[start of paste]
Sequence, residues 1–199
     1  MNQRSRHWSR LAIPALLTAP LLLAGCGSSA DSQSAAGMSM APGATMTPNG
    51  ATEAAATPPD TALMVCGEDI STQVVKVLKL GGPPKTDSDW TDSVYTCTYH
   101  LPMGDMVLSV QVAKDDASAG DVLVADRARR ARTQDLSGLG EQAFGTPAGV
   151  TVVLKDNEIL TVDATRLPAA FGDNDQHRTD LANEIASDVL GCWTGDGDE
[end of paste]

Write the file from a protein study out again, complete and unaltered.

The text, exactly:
Sequence, residues 1–199
     1  MNQRSRHWSR LAIPALLTAP LLLAGCGSSA DSQSAAGMSM APGATMTPNG
    51  ATEAAATPPD TALMVCGEDI STQVVKVLKL GGPPKTDSDW TDSVYTCTYH
   101  LPMGDMVLSV QVAKDDASAG DVLVADRARR ARTQDLSGLG EQAFGTPAGV
   151  TVVLKDNEIL TVDATRLPAA FGDNDQHRTD LANEIASDVL GCWTGDGDE